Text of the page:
Monday, January 23, 2006

Dickie's Quickies

The Washington Post has an article today on network neutrality and tiering of the Internet. Apparently, some of the ISPs (Baby Bells, for instance) are suggesting that the only way that they can provide high speed internet upgrades is if they sell access to companies. Say that Yahoo pays a royalty to Verizon for access and Google does not do the same. The user may then find that they get faster search results using Yahoo with Verizon than what Google with Verizon would provide. That's what's known as tiering. To offer the same speed to both services without charging fees is what's known as network neutrality. Google and Yahoo are lobbying against this pricing scheme which, in essence, would blackmail all major firms to pony up or risk being left behind. Small firms will not be able to compete. Your ISP would make de facto determinations about your choices as a consumer. Why is it that other countries have much higher speed connections compared to the U.S., that these other countries get upgrades faster, and that they do it without tiering? This is a bad idea. Write your legislator.

The Bush Administration created a new position in the Department of Fatherland Security called the deputy director of intelligence. So what, you ask? They appointed a lobbyist to the position. Guess who's watching the data on the Abramoff scandal very closely...

Good news! Turkey has decided not to pursue the case against Orhan Pamuk. The author was accused by the government of offending "Turkishness" when he critically mentioned the Armenian genocide in his country during the early 20th century during an interview with a Swiss publication. That topic is forbidden, which is why he brought it up.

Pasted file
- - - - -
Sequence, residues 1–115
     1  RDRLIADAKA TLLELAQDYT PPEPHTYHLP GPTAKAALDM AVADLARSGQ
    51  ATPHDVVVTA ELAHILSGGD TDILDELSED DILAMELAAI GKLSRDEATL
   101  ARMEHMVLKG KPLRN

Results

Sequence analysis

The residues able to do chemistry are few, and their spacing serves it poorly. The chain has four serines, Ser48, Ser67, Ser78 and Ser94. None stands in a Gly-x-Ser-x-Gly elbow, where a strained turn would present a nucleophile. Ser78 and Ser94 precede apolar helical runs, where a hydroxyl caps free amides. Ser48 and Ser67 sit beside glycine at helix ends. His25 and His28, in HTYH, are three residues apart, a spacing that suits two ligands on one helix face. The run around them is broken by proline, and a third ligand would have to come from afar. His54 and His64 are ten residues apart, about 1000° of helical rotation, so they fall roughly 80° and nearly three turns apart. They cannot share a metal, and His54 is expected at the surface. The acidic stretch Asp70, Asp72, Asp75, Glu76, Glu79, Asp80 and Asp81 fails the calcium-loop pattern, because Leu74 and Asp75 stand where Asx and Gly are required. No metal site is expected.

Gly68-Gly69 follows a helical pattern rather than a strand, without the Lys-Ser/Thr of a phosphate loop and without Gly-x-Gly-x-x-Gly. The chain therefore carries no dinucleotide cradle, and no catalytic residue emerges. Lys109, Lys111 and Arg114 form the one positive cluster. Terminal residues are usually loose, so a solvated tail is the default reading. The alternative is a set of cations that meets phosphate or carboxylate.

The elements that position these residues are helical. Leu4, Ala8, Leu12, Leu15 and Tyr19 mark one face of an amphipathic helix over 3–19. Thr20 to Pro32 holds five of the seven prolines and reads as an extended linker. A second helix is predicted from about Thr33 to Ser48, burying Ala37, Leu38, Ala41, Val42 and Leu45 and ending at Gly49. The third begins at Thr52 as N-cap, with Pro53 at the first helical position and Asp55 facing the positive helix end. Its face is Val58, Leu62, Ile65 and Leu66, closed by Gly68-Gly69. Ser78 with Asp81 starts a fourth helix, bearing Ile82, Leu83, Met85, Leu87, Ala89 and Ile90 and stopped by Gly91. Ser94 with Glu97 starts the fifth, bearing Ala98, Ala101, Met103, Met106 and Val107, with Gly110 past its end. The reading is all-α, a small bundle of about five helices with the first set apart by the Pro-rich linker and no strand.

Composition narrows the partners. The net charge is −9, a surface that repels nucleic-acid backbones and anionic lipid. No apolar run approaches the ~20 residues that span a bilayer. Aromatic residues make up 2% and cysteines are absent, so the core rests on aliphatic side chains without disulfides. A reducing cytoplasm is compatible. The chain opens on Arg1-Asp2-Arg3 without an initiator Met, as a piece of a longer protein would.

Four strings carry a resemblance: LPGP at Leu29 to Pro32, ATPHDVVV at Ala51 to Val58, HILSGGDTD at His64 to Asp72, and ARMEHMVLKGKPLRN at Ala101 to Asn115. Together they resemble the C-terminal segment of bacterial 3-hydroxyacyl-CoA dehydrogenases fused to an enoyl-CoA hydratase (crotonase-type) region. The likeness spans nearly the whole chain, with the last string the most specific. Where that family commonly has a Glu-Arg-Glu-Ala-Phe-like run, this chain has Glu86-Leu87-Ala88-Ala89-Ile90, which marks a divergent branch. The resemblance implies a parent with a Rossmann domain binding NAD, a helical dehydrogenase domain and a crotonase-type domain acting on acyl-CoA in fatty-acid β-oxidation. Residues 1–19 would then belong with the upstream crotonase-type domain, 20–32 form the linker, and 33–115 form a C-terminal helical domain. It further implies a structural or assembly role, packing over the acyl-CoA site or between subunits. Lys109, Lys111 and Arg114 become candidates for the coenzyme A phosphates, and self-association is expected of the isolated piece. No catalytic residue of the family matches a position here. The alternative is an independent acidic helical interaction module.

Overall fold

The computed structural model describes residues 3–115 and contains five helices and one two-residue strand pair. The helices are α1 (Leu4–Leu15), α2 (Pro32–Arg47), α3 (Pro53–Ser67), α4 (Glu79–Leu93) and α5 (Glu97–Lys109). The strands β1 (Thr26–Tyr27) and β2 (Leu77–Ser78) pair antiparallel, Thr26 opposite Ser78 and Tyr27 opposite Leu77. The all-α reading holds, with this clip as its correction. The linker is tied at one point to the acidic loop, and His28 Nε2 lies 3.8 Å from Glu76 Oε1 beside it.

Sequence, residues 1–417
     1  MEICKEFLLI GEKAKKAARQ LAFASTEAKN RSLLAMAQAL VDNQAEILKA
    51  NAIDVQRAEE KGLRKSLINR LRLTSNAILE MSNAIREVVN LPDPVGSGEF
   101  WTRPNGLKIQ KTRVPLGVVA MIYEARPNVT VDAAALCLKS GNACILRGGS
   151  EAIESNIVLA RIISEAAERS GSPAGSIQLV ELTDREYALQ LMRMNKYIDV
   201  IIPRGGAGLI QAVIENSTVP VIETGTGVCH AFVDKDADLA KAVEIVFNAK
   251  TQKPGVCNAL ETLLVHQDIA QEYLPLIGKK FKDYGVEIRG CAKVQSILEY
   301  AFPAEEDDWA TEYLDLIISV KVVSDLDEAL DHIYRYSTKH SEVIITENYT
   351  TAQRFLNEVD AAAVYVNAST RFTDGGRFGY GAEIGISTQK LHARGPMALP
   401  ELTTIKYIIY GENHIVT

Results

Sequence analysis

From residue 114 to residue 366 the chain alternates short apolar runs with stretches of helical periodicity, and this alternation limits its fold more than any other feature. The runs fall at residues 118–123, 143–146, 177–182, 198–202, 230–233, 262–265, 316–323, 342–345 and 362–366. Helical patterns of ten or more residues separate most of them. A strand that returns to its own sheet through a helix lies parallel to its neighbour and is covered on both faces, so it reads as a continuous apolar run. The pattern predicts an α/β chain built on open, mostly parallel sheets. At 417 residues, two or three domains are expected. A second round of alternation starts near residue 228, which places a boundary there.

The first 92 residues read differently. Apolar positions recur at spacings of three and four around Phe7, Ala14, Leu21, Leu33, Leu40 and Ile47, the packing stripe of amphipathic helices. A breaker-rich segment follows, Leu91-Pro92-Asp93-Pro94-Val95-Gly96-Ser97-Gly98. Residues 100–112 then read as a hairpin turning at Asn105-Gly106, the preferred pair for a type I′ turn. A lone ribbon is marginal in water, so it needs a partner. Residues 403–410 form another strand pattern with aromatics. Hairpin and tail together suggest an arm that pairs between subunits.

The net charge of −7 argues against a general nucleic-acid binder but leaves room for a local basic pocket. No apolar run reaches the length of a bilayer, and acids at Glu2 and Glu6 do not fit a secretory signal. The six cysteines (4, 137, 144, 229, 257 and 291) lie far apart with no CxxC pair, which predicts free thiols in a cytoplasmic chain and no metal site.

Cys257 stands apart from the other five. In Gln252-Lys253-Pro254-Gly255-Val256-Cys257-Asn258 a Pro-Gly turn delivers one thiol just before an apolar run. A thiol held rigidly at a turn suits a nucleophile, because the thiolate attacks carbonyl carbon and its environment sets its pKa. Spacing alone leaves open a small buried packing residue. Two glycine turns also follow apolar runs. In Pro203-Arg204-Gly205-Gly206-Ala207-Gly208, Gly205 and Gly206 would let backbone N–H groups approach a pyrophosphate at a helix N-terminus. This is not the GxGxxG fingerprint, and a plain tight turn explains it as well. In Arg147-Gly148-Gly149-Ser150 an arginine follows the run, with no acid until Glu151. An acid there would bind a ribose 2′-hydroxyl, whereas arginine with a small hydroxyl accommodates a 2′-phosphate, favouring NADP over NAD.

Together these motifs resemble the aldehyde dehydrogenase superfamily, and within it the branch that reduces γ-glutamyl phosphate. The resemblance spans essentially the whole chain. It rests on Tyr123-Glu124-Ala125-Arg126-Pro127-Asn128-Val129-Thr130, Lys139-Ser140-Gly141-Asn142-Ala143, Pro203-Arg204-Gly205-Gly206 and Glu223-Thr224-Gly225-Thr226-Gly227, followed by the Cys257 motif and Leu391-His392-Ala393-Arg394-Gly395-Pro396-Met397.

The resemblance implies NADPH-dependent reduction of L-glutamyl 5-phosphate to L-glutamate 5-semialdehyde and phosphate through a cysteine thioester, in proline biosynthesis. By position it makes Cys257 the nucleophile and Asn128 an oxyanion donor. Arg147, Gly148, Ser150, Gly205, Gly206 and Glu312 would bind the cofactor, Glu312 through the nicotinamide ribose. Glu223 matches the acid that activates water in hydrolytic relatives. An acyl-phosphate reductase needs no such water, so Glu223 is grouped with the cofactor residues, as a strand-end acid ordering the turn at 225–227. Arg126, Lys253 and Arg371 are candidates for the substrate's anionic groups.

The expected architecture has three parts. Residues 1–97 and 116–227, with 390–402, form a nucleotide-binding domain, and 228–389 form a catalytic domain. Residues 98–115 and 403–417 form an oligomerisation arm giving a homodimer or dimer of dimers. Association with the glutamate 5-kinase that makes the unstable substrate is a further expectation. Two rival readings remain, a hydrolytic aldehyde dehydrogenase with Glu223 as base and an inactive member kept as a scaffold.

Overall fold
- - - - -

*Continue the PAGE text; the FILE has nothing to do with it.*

EMI Chairman, Eric Nicoli, was interviewed by Reuters. He's upbeat about the music industry and digital sales:
"We've seen a tripling in the last year and we've hardly gotten started."

Nicoli went on to note:
"We've moved on from the days when the main impact of digital technology was to harm our industry by facilitating rampant online and physical theft," he said. "The day is surely within our sights when digital growth outstrips physical decline and we can all compete for share of a growing pie."

And he thinks that "unbundling" (selling individual songs rather than complete CDs) is inevitable (something I've been saying for a couple of years and it's not a bad thing):
"The pessimists will say that's a problem, but our research suggest that the net effect of unbundling is a positive," he said.

1 comment:

Timothy Karr said...

For a full backgrounder on the net neutrality issue check out the camapign I just posted at

The threat to the freedoms of the Internet, as we have come to know them, is real. Our best defense is through a public pressure campaign against Congress and the FCC.